DAMS AND ITS TYPES

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DAMS AND ITS TYPES

  1. 1.  A dam is a hydraulic structure of impervious material built across a river or stream to create a reservoir on its upstream side for storing water for various purposes.  These purposes may be irrigation, hydro- power, water-supply, flood control, navigation, fishing and recreation.
  2. 2. Dams are classified on the basis of following types:  By structure  By material
  3. 3.  Arch dams  Gravity dams  Arch – Gravity dams  Embankment dams
  4. 4.  Situated at narrow canyon with steep side walls  Constant angle dams are more common than constant radius  Double curvature  Require good rock foundation
  5. 5.  Force that holds dam is earth’s gravity pulling down on mass of dam  Well suited for blocking rivers in wide valleys  Dam is made from concrete or masonry or both  Foundation must have high bearing strength
  6. 6.  It has characteristics of arch dam and gravity dam  They are made up of conventional concrete or RCC or masonry  It is thinner than pure gravity dams and require less internal fill
  7. 7.  Special kind of dam which consist of a line of large gates that can be opened or closed to control the amount of water  Built at mouth of rivers and often used to control water flow for irrigation system
  8. 8.  These are embankments of compact granular soil in combination with impervious areas  If clay is used then it is composite dam  These dams are resistant to damage from earthquakes
  9. 9.  They are generally made up of one type of material  Earthen dams can be constructed from materials found on site or nearby  They are cost effective
  10. 10.  STEEL DAMS  TIMBER DAMS
  11. 11. •Steel dam is a type of dam that is made of steel, rather than common masonry ,earthworks , concrete or construction material •Steel dams - an experiment which failed •Maintenance cost is high due to rust and corrosion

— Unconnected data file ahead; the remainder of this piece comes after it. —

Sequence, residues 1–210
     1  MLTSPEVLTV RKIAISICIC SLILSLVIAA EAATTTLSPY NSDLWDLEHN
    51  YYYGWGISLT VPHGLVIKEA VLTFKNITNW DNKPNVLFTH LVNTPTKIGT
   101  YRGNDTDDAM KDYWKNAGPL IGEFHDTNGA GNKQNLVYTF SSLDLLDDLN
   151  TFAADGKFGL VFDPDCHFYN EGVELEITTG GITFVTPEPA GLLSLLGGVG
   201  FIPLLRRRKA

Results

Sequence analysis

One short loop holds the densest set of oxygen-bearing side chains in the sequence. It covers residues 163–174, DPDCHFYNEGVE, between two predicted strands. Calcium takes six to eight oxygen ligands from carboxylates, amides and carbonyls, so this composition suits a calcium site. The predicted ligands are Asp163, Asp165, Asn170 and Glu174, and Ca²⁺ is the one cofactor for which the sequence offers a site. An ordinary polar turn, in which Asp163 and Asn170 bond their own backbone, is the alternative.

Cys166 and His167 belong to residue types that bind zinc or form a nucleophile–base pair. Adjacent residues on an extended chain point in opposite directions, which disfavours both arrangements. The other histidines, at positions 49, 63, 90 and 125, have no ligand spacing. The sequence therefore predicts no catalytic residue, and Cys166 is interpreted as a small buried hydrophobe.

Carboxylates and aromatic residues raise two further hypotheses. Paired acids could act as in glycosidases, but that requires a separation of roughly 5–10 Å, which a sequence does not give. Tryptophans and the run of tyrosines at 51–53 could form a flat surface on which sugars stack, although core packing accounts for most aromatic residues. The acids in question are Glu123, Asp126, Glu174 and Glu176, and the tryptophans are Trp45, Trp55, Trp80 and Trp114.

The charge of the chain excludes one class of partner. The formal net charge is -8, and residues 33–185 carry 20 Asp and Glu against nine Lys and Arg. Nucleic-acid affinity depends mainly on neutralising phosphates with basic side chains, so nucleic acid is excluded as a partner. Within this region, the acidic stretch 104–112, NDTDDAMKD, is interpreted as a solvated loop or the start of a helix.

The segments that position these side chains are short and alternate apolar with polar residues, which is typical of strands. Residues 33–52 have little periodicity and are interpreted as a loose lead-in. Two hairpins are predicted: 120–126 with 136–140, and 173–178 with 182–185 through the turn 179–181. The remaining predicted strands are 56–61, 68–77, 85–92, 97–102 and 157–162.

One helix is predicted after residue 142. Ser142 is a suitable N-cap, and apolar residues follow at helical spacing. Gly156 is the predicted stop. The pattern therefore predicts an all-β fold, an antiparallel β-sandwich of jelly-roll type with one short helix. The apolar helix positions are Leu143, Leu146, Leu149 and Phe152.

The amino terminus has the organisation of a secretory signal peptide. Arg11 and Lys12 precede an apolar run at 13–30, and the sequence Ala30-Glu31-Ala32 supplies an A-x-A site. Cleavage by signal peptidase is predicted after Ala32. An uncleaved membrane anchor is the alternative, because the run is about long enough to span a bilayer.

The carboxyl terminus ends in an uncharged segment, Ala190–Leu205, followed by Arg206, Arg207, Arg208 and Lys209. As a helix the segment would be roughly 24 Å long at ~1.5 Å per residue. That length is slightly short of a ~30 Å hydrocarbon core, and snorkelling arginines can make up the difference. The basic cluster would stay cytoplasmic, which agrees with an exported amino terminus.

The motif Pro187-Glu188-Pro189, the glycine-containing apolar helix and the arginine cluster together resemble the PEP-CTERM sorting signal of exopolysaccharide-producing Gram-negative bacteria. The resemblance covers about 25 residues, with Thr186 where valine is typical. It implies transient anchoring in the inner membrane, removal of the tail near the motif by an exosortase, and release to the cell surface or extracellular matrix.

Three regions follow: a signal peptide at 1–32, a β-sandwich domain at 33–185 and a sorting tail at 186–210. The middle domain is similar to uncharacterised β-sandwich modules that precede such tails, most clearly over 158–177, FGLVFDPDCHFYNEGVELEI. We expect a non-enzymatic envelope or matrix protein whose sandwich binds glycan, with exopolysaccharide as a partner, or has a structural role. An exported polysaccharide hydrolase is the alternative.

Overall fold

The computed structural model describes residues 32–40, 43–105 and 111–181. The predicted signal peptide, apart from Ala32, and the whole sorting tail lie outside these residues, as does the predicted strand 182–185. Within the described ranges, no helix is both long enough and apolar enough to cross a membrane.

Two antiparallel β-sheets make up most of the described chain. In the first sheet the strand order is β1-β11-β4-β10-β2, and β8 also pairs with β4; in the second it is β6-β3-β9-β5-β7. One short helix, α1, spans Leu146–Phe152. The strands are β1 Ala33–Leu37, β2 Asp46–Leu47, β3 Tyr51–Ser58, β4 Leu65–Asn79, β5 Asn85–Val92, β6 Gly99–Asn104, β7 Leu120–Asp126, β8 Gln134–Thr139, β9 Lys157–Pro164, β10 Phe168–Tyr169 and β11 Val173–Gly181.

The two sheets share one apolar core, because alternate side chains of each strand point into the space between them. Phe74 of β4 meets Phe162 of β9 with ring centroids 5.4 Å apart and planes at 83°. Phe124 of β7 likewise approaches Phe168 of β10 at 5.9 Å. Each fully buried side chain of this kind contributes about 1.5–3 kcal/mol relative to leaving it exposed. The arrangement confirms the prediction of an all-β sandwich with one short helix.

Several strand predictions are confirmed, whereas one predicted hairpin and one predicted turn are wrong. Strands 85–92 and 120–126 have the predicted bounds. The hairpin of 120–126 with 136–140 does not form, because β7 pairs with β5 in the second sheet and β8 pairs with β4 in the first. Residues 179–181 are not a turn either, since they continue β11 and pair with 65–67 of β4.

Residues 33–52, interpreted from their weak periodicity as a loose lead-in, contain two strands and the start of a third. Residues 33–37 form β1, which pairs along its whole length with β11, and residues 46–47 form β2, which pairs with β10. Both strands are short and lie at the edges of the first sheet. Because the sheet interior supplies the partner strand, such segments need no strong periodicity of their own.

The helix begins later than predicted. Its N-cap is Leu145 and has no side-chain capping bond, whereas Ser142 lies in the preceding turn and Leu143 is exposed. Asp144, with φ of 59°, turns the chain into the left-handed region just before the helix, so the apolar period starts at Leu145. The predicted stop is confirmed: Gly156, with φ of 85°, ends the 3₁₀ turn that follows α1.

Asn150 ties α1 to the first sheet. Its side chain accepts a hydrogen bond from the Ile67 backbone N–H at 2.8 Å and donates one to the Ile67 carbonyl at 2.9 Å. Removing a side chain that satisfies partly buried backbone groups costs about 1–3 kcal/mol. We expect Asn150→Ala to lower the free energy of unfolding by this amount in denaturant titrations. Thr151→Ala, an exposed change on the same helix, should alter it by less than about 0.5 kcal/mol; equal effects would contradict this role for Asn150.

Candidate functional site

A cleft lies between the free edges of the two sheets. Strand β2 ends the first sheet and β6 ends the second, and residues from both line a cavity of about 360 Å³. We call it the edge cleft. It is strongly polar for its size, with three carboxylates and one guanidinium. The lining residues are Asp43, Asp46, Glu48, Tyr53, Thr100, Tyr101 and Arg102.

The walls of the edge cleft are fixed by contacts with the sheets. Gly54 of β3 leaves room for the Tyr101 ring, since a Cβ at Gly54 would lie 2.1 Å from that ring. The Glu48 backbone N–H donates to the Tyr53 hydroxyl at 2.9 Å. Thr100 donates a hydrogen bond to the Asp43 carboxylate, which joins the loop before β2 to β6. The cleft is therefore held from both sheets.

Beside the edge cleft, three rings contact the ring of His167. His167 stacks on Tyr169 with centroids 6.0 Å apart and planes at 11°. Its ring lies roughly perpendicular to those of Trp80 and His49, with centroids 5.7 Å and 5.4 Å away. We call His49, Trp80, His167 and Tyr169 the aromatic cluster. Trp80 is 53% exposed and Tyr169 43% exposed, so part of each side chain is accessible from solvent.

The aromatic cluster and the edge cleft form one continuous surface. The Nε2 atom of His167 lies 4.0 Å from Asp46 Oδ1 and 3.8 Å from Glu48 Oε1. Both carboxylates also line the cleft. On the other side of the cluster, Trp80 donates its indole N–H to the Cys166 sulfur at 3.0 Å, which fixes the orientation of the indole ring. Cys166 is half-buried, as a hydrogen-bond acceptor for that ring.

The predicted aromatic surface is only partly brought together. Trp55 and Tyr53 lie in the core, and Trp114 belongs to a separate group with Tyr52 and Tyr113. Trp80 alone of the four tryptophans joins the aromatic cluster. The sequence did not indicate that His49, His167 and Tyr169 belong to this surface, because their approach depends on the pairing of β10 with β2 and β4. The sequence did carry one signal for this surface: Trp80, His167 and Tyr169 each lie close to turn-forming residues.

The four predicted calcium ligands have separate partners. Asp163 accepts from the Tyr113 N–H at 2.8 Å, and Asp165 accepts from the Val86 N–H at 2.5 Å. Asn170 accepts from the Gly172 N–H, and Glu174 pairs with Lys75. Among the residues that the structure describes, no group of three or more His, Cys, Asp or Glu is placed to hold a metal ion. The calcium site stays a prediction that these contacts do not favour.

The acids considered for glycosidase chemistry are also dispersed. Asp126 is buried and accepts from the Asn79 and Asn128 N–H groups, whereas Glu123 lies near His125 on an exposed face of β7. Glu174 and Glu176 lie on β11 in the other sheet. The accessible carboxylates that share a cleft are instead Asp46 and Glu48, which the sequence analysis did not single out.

12. 12.  Advantages and Disadvantages
  13. 13.  Timber dams were widely used in early part of industrial revolution and rarely used now  Suitable location for construction  In order to maintain water retension property they must be kept wet
  14. 14.  Cofferdam : a barrier usually temporary, constructed to exclude water from area that is normally submerged  Natural dams : created by natural geological forces. Volcanic dams are formed when erupted lava intercept path of a stream. Natural disasters like earthquake and landslides frequently create landslide dams in mountainous region. Eg. Usoi dam in Tajikistan
  15. 15. Hydroelectricity • Hydroelectricity is the term referring to electricity generated by hydropower; the production of electrical power through the use of the gravitational force of falling or flowing water. • It is the most widely used form of renewable energy, accounting for 16 percent of global electricity generation 3,427 terawatt-hours of electricity production in 2010. • Hydropower is produced in 150 countries, with the Asia-Pacific region generating 32 percent of global hydropower in 2010. China is the largest hydroelectricity producer.
  16. 16. • The theory is to build a dam on a large river that has a large drop in elevation . • The dam stores lots of water behind it in the reservoir. • Near the bottom of the dam wall there is the water intake. Gravity causes it to fall through the penstock inside the dam. • At the end of the penstock there is a turbine propeller, which is turned by the moving water. • The shaft from the turbine goes up into the generator, which produces the power. Power lines are connected to the generator that carry electricity to user . WORKING PRINCIPLE
  17. 17. Pumped storage: Reusing water for peak electricity demand Pumped storage is a method of keeping water in reserve for peak period power demands by pumping water that has already flowed through the turbines back up at storage pool above the powerplant.  An advantage of pumped storage is that hydroelectric generating units are able to start up quickly and make rapid adjustments in output.
  18. 18. Disadvantages of big Hydroelectricity plant • Ecosystem damage and loss of land • Siltation and flow shortage • Relocation of local people • Failure risks

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